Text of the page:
# Fokker-Planck: uniqueness and convergence to stationary distribution

Consider the Langevin equation ($$N$$-dimensional) with nonlinear drift term, but expressible as a gradient of a function $$U(\vec{x})$$. Namely, consider the stochastic process described by the set of equations:

$$\frac{\partial x_n}{\partial t} = \frac{\partial}{\partial x_n} U(\vec{x}) + \sqrt{2c} \eta_n\,.$$

The problem can be reformulated in terms of the probability distribution $$P(\vec{x},t)$$, through the following Fokker-Planck equation:

$$\frac{\partial P(\vec{x},t)}{\partial t} = \bigg( - \sum_{i=1}^N \frac{\partial}{\partial x_i} \big( \frac{\partial}{\partial x_i}U(\vec{x})\big) + c \sum_{i,j=1}^N \frac{\partial^2}{\partial x_i \partial x_j} \bigg) P(\vec{x},t)$$

The equation above admits the following stationary solution:

$$P^s(\vec{x}) = \mathcal{N} e^{\frac{-U(\vec{x})}{c}}$$

Is there a simple way to convince yourself that, in this case, given any initial distribution I always converge only to above $$P^s(\vec{x})$$?

• What does "simple" mean in your book? ;) Usually, a good starting point for almost anything about the Fokker-Planck equation is the book by Risken. In chapter 6.1 he gives a rather technical answer to your question, which I don't think would qualify as simple. Commented Jun 6, 2022 at 17:33
• Your notation of the Fokker-Planck equation is incorrect. On the RHS you need something like $-\nabla \cdot \left(\nabla U P \right) + c \Delta P$. Commented Jun 6, 2022 at 17:36
• Hi @kricheli, thank you for the correction; by simple I mean a proof that gives you immediatly the intuition behind the details Commented Jun 6, 2022 at 18:28
• The eigenvalues of the differential operator in the rhs are all negative (except the zero eigenvalue, corresponding to the stationary solution). I believe there is a proof in Risken's book. Commented Jun 7, 2022 at 7:55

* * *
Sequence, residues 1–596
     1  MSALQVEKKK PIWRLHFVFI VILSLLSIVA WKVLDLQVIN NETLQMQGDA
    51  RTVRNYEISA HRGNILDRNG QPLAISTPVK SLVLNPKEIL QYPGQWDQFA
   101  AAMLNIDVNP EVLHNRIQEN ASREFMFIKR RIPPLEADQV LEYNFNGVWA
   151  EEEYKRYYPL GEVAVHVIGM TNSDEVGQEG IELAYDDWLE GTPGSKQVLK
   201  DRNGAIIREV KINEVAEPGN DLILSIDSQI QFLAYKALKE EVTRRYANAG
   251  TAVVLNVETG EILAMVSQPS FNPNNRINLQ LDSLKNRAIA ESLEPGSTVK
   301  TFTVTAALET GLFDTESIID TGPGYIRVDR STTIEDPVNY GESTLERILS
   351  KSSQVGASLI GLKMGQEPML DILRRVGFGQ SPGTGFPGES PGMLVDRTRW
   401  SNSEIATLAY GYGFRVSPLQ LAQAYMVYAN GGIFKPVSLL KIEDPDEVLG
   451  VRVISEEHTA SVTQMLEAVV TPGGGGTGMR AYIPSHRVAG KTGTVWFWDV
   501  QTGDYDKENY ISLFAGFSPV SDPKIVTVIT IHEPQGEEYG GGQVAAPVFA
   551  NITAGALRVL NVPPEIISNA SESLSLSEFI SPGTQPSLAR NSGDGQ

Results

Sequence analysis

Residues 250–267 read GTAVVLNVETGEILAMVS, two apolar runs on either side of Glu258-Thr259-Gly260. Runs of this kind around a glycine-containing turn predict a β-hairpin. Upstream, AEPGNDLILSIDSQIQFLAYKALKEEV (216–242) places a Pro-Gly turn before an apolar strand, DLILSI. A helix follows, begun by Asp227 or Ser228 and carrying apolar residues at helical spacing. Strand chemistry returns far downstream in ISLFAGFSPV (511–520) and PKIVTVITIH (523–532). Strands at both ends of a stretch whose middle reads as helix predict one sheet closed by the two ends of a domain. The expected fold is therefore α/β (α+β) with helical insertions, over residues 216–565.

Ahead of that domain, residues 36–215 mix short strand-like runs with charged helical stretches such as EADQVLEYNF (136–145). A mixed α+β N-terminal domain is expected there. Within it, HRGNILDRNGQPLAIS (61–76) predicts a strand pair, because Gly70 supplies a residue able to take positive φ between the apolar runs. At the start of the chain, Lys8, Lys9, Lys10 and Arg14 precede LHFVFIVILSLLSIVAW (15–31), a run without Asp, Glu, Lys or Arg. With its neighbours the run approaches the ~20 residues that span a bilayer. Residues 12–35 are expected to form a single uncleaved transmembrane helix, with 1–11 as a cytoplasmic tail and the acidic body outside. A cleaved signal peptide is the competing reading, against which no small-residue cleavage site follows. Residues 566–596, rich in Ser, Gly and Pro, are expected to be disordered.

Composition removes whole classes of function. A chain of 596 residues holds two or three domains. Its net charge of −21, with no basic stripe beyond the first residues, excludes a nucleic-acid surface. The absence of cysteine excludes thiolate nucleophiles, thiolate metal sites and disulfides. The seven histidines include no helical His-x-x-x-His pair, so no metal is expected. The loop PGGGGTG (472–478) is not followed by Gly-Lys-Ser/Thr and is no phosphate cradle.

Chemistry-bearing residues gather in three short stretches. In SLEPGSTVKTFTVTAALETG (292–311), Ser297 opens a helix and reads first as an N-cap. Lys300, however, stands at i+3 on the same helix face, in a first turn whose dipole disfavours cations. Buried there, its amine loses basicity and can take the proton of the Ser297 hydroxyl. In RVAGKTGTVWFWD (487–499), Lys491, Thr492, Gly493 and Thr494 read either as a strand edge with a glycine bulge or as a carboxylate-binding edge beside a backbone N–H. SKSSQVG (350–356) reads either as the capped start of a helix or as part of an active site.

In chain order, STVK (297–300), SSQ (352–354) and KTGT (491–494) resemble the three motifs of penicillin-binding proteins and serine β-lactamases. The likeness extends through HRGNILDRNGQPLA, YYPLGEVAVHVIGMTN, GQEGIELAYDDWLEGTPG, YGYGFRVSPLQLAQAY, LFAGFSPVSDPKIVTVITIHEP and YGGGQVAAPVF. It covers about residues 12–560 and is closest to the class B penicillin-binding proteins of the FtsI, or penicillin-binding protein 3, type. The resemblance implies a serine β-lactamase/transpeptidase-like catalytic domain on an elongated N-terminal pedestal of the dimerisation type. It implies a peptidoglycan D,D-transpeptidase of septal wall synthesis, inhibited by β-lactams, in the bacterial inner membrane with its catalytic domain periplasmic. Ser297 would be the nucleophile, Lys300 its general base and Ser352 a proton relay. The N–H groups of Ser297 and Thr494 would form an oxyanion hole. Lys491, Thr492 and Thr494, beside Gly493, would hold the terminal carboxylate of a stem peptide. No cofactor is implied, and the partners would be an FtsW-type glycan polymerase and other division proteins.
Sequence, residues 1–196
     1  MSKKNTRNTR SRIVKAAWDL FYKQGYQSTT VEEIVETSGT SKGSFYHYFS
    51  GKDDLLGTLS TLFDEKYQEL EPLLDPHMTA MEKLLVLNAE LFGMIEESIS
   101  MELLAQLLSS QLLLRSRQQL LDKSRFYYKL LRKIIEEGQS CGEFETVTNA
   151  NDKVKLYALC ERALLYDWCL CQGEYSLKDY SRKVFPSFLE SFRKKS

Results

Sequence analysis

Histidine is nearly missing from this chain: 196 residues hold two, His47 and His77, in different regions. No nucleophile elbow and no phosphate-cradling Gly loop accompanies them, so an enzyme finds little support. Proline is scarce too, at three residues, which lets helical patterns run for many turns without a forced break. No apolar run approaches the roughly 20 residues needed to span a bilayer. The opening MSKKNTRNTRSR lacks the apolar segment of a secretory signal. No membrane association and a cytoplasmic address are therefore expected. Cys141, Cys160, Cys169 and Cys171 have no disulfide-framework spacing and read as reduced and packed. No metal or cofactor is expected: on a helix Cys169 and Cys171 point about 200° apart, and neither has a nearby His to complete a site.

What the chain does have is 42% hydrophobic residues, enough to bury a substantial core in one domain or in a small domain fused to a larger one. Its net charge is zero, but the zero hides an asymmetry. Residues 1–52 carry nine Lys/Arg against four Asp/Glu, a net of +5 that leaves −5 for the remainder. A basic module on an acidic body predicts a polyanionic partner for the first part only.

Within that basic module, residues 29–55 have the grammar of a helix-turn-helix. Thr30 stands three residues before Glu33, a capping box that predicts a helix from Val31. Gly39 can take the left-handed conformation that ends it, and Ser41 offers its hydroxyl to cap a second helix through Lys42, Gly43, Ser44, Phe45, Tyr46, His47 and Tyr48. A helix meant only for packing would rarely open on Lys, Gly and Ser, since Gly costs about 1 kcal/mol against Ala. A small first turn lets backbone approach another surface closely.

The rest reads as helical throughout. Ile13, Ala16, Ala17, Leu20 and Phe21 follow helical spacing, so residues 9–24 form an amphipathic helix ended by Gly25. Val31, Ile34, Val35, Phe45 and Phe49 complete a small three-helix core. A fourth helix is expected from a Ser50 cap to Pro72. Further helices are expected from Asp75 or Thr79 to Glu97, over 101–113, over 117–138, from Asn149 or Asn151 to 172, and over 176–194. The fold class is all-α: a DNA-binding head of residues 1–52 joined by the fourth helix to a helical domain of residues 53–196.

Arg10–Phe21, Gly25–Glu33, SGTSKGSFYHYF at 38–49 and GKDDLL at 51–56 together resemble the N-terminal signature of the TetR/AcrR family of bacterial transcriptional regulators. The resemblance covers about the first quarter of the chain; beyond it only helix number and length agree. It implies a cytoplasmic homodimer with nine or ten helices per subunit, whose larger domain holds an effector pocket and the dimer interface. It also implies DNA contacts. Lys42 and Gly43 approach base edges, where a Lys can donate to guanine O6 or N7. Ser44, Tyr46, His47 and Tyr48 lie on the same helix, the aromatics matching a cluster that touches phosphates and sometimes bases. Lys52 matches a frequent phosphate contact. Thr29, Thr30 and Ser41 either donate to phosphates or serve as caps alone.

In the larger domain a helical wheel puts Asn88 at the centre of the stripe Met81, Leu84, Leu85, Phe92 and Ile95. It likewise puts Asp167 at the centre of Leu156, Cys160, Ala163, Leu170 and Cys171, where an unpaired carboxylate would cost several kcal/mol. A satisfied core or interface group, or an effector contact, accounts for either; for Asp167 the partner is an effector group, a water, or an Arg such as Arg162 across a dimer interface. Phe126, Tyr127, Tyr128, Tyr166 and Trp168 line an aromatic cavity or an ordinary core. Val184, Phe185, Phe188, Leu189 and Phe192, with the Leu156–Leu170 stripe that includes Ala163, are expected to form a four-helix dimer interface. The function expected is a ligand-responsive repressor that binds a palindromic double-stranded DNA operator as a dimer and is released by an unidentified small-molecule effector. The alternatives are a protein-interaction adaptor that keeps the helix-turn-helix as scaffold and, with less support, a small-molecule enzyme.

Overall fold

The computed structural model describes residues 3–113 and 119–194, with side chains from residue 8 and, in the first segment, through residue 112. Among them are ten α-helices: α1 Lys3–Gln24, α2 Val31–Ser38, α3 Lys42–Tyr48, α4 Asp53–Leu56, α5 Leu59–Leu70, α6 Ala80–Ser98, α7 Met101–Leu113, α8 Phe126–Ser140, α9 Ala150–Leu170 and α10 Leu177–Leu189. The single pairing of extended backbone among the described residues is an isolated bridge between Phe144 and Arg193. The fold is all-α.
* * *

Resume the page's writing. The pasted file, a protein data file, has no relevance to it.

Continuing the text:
• Commented Apr 30 at 12:34

Okay, so to give some detail to Roger Vadim's comment (a sketch, for full detail cf. Risken... ;) ): $$\partial_t P = L P = \sum_i \partial_i \left(-\partial_i U P + c \partial_i P\right)$$ (I don't follow the convention of letting differential operators acting on everything to their right) has a negative semidefinite operator on the right-hand side. I.e. all eigenvalues of $$L$$ have non-positive real part. And the zero eigenvalue corresponds to the equilibrium/stationary solution.
For a solution decomposed into eigenfunctions of $$L$$, $$P = \sum_i c_i f_i\,,$$ with time-dependent coefficients $$c_i$$ and eigenvalues $$\lambda_i$$, i.e. $$L f_i = \lambda_i f_i\,,$$ we find that $$c_i\left(t\right) = c_{i,0} \text{e}^{\lambda_i t}\,.$$ Now, since all eigenvalues are negative, the exponentials get smaller and smaller at large times, except for the coefficient of the stationary/equilibrium solution, since it is the eigenfunction to the eigenvalue zero.
To see that eigenvalues of $$L$$ have negative (rather, non-positive) real part, we need the fact that $$\Delta$$ is a negative semidefinite operator. You see this easily through its Fourier transform $$-k^2$$. More generally, in case of a non-isotropic diffusion term we would instead need a positive (semi-) definite matrix to form the operator $$\sum_{i,j}\partial_i \left(D_{ij} \partial_j P\right)$$.
Another nice bit of intuition - nothing directly to do with the above - is: If the drift term vanishes, you see easily that the solution approaches the constant equilibrium solution. The Laplace operator on the right sort of smoothens out bumps in the solution: If you have a maximum of $$P$$ somewhere rising above the stationary solution, because it is a maximum there is $$\Delta P < 0$$ at this point and thus $$P$$ at this point is decreasing in time.
• Thank you for the clear answer! :) The only passage not clear to me is how to claim that the "0" eigeinvalue is not degenerate, i.e. there is a unique eigenfunction associated to the equilibrium state. Also, the fact that $c_i(t) = c_i(0) e^{\lambda_i t}$ is due to the fact that {$f_i$} is an orthogonal basis, right? Commented Jun 7, 2022 at 19:36